I received a great article the other day from the Wellness Council of West Virginia that talked about how we watch our weight go up and up over the holidays. Many people simply say: "I'm not going to worry about it over the holidays. I"ll start that diet on January 1 along with the rest of the country!"
The only problem with that attitude is how difficult it is to get those holiday pounds off.
So what are some of the pitfalls that seem to cause this yearly weight gain? Many women say they have to bake holiday cookies and end up eating more than they give away. Experts say- "Do you really have to bake all those goodies?"
A good suggestion is to switch your homemade gifts to something that you would not be so tempted to scarf down with a big glass of milk. I actually saw some great recipes recently in a magazine for gift baskets with jams, salsas or flavored olive oil. You could put together a lovely basket with several jams, crackers, etc., that anyone would love. And salsas-that would be fun to receive with a big bag of Tostitos. And olive oils-how much fun to get that with some great bread to dip. Personally, I would have no problem staying away from these items if they were in my house. I've never sat in my living room at 10 p.m. and said to myself "Boy, I am really craving that olive oil!"
You know-we may have something here!
That really makes me think about the things that we crave. We all know that eating high-fat, sugary foods like cakes, cookies and candy trigger more cravings for this kind of food. I know there is some scientific knowledge that explains why this happens. I remember reading about it in the nutrition books we used in grad school. I won't go into the science, but maybe you could make a list of the foods that are most likely to trigger your own food cravings and try to keep these out of the house this year. Even Dr. Phil talked about this tactic in his diet book that came out several years ago. He talked about the importance of keeping these temptations out of sight whenever possible.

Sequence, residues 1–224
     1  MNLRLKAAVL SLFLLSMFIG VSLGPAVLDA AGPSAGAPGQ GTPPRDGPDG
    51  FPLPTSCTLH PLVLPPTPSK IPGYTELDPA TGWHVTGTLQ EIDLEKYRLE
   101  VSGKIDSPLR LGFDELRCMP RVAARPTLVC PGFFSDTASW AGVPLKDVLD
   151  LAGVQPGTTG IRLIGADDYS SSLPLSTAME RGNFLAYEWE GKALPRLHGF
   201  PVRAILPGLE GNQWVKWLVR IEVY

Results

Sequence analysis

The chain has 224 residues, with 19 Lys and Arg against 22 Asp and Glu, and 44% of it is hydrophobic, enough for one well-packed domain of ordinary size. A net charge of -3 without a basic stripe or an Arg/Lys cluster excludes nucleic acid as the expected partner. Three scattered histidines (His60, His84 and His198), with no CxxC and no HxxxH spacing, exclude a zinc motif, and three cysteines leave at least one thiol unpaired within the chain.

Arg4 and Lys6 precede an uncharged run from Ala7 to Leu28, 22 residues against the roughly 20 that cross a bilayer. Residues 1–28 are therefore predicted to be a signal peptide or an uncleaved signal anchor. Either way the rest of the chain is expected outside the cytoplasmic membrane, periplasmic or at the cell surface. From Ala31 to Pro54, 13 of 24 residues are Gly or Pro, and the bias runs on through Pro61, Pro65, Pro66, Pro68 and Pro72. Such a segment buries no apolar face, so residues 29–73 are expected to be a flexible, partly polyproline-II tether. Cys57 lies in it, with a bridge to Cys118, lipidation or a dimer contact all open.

So, I guess if you absolutely have to bake cookies instead of making some flavored olive oil, you could at least ask your family members to hide them from you!
Another pitfall is that with all the running around buying Christmas gifts, people end up grabbing fast food or eating out at restaurants instead of cooking at home. My suggestion to these folks is to do your shopping on the Internet. I understand that there were some great bargains on black Friday for those online shoppers, and the stores really don't care how they get their money as long as we keep shopping. Several companies will even ship for free.
A big problem I seem to have with this eating frenzy is the endless Christmas parties and luncheons. I had my first one today-it was great. Of course, I could not pass up the dessert-and my choices were caramel and chocolate cheese cake, decadent chocolate cake and fruit cobbler. Being the well-educated wellness person I am, of course I chose the fruit cobbler. But I am not fooling myself-there was not enough fruit between the two layers of yummy buttery crust and topping to even make one serving of fruit. But it tasted really, really good and I enjoyed every little morsel.
Looks to me like there are lots of pitfalls that lie ahead for us this Christmas season.
Whether your problem is the baked goods that you really must make, or the hectic shopping that leads to high fat high calorie meals on the run, or the Christmas parties, it's going to be really tough to lead a healthy lifestyle.
I guess my best suggestion would be to try to limit the damage or pounds as much as you can. Try to increase your physical activity whenever possible and when you do indulge in some Christmas goodies try to do so in moderation. But more importantly, may each of you have a very healthy and a very Merry Christmas season!
Mary Velez is the director of Employee Wellness and Volunteer Services at Ohio Valley Medical Center and East Ohio Regional Hospital. She obtained a master's degree from West Virginia University in community health education. She has a bachelor's degree from West Liberty State College in physical education and special education and taught school in West Virginia for nine years.